* FTSEurofirst 300 down 0.3 pct CAC falls 0.6 pct
* Knee-jerk reaction following France's downgrade
* Cyclicals lose ground; banks, construction down
By Atul Prakash
LONDON, Nov 20 European shares edged lower on
Tuesday, with France's CAC 40 index among the worst hit
after ratings agency Moody's stripped the euro zone's No. 2
economy of its top credit rating.
While the downgrade had been expected and was largely
priced-in, analysts said the previous session's big gains - when
the FTSEurofirst 300 posted its biggest daily rise in
10 weeks - meant some were using it as a reason to take profits.
At 0919 GMT, the FTSEurofirst 300 was down 0.3 percent at
1,088.10 points after surging 2.3 percent on Monday. France's
CAC 40 was 0.6 percent lower, led by domestic firms such
as utilities, construction and telecoms, while multinationals
with a big exposure to foreign markets rose.
EDF was down 1.8 percent, Bouygues fell
1.6 percent and France Telecom dropped 1.5 percent,
while luxury goods maker LVMH gained 0.8 percent and
retailer Carrefour was up 1.4 percent.
"It (the France downgrade) is disappointing and an
indication that core Europe is suffering a bit," said Graham
Bishop, senior equity strategist at Exane BNP Paribas. "But the
market has been talking about this for a while. It's just a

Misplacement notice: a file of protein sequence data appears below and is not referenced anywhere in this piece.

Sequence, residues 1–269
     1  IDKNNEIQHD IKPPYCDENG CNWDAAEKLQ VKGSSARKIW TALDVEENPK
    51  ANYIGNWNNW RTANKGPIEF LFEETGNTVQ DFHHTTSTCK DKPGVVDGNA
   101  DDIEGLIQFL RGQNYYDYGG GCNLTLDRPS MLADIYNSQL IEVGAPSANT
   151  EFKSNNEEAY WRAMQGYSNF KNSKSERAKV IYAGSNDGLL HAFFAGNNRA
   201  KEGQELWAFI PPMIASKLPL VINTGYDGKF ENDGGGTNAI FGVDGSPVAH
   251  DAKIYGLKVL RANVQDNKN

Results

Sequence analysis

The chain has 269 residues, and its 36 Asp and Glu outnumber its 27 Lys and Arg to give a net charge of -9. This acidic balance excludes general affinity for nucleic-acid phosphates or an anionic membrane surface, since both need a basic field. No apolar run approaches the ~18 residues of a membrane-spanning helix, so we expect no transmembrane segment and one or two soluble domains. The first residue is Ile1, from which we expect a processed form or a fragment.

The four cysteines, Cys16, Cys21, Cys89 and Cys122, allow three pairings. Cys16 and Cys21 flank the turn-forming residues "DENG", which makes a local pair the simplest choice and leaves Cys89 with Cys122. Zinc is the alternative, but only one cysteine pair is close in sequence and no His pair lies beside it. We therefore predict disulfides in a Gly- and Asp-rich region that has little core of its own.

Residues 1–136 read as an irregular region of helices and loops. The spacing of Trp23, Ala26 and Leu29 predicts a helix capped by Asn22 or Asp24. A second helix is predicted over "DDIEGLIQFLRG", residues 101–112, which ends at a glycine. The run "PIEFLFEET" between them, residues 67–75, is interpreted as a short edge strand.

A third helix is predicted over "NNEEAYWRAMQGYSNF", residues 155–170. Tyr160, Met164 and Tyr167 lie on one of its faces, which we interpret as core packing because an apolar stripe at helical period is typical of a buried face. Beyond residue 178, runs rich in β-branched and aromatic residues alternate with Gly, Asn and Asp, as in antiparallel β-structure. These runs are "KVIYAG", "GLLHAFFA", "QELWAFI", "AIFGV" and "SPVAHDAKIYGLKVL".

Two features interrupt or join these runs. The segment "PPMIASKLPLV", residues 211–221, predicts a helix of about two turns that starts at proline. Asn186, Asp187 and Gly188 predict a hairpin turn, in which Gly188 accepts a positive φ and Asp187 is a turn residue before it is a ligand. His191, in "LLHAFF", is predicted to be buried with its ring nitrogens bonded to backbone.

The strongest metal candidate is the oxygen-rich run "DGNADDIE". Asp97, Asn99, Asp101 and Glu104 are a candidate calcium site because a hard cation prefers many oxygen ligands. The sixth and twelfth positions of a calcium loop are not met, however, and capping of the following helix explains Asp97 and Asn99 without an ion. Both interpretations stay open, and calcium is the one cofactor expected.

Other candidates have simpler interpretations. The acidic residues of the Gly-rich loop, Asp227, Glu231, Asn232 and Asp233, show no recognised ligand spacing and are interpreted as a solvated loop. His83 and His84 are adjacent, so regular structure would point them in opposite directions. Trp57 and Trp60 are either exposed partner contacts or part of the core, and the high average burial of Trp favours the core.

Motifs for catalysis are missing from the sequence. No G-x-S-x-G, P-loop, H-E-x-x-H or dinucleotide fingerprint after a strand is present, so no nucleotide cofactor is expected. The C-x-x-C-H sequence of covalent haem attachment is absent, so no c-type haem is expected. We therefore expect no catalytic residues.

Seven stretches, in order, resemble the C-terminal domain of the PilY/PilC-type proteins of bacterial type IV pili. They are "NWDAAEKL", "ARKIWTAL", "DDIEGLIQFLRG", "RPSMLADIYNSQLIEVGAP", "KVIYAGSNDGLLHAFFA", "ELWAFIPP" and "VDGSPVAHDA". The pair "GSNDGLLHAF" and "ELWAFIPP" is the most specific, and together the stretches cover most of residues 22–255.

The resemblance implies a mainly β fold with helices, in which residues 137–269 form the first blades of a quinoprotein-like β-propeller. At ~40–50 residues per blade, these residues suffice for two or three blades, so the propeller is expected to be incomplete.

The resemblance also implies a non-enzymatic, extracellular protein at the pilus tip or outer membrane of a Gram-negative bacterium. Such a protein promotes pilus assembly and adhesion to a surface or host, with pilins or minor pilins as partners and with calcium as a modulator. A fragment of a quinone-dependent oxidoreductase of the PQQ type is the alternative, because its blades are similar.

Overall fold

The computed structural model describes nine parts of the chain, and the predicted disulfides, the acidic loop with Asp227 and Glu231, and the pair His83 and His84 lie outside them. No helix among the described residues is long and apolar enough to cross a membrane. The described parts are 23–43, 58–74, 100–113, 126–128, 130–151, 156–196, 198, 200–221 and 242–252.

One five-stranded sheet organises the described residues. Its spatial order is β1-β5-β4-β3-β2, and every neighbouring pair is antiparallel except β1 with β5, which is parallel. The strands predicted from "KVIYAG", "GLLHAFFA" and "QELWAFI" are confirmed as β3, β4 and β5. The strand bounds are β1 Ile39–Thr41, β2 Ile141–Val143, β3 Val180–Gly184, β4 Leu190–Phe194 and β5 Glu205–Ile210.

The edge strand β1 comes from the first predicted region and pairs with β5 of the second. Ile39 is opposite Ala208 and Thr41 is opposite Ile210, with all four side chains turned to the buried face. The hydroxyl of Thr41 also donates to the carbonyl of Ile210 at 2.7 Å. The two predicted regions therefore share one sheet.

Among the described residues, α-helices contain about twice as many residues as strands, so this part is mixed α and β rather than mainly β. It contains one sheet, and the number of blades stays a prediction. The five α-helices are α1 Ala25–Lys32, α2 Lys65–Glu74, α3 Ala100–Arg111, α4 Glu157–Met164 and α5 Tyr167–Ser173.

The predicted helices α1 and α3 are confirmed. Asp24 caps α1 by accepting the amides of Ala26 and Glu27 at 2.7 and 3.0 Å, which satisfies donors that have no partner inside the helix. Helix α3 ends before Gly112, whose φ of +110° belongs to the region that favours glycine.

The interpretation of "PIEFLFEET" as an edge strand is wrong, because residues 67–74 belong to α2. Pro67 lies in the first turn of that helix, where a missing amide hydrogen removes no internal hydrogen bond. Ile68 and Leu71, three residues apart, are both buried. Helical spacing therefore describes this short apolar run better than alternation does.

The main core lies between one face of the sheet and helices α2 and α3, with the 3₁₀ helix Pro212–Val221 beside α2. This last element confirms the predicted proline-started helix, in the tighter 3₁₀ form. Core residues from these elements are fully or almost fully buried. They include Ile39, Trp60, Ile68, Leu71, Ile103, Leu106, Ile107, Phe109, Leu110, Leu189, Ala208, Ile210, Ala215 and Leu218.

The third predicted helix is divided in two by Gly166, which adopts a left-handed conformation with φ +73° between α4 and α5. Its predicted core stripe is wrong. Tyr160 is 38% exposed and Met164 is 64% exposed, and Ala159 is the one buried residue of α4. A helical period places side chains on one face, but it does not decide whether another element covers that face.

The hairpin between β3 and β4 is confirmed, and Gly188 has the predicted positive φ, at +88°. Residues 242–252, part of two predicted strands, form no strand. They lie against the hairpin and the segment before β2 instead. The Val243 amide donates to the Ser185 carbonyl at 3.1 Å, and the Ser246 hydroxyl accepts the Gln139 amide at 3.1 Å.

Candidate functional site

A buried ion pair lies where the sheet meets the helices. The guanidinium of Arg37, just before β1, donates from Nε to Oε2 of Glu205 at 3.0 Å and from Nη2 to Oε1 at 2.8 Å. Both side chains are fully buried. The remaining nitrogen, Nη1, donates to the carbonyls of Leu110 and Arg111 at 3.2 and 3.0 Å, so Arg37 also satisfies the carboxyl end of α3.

knee-jerk reaction, and not a game changer."
Moody's Investors Service cut France's sovereign rating by
one notch to Aa1 after the market close on Monday, citing an
uncertain fiscal outlook as a result of the weakening economy.
The move followed a similar downgrade by peer Standard & Poor's
in January and was widely expected.
"The market has been expecting it for more than a year now.
It might have an impact on the short term, but it won't last.
All in all, CAC 40 companies are big multinationals, they won't
be impacted by this," David Thebault, head of quantitative sales
trading at Global Equities, said.
Cyclical shares, which generally react more to changes in
economic conditions, suffered the most, with the STOXX Europe
600 Banking index down 1.1 percent and the construction
sector 0.6 percent lower, retreating after Monday's
spike of 3.6 percent and 3 percent respectively.
Italian carmaker Fiat, down 4.9 percent, topped the
decliners' list on a wider sell-off after UBS cut its rating on
the stock to "neutral" from "buy".
Investors remain positive on the stock market's outlook in
the coming months, however, and expect a further rally if U.S.
politicians make progress in talks to avoid the so-called fiscal
cliff - $600 billion of tax rises and spending cuts scheduled
for early next year which threaten to tip the world's biggest
economy back into recession.
"We expect that by the year end, we will recover some of the
losses we made over the last month and start the new year
broadly in a positive trajectory," Bishop said. "We like
industrials, media, business services and banks, but don't like
sectors such as food and beverages and luxury goods."